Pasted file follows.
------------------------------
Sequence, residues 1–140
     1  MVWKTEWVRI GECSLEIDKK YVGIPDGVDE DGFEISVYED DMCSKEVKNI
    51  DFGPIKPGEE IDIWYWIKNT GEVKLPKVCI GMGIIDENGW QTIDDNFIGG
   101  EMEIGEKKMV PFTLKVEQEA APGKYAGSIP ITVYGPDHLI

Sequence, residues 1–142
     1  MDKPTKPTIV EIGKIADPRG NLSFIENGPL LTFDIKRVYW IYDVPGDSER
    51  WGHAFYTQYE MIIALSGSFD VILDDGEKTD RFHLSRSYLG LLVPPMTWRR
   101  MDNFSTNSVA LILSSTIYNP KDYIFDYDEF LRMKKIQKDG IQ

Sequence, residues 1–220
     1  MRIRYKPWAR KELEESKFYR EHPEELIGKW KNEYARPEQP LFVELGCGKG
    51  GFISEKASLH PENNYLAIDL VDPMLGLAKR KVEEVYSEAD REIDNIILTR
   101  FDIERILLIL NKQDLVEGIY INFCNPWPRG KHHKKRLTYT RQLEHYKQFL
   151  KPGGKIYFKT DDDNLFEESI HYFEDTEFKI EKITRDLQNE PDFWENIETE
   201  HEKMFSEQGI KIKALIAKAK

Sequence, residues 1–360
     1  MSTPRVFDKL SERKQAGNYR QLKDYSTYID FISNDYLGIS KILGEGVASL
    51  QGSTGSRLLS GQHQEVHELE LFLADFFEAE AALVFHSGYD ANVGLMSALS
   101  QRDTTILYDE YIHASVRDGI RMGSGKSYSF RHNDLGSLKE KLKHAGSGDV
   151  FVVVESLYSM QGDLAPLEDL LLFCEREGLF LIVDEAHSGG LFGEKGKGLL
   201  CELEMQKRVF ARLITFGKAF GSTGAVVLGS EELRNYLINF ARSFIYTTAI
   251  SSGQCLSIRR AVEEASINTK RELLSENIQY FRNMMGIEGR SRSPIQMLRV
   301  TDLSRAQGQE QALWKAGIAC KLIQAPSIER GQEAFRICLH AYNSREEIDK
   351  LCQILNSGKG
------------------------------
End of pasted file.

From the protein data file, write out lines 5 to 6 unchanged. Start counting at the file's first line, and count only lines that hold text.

Sequence, residues 1–142
     1  MDKPTKPTIV EIGKIADPRG NLSFIENGPL LTFDIKRVYW IYDVPGDSER